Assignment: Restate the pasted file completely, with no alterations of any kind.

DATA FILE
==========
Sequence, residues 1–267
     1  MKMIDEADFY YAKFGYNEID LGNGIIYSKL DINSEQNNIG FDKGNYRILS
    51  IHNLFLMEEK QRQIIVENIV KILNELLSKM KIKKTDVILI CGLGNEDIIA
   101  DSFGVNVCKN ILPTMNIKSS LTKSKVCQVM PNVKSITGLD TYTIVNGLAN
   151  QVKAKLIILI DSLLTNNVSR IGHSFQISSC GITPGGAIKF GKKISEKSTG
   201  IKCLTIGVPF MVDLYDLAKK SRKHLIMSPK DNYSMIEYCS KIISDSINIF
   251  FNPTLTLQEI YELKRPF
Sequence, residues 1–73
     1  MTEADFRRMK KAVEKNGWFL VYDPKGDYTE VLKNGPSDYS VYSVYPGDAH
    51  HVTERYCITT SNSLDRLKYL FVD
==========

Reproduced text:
Sequence, residues 1–267
     1  MKMIDEADFY YAKFGYNEID LGNGIIYSKL DINSEQNNIG FDKGNYRILS
    51  IHNLFLMEEK QRQIIVENIV KILNELLSKM KIKKTDVILI CGLGNEDIIA
   101  DSFGVNVCKN ILPTMNIKSS LTKSKVCQVM PNVKSITGLD TYTIVNGLAN
   151  QVKAKLIILI DSLLTNNVSR IGHSFQISSC GITPGGAIKF GKKISEKSTG
   201  IKCLTIGVPF MVDLYDLAKK SRKHLIMSPK DNYSMIEYCS KIISDSINIF
   251  FNPTLTLQEI YELKRPF
Sequence, residues 1–73
     1  MTEADFRRMK KAVEKNGWFL VYDPKGDYTE VLKNGPSDYS VYSVYPGDAH
    51  HVTERYCITT SNSLDRLKYL FVD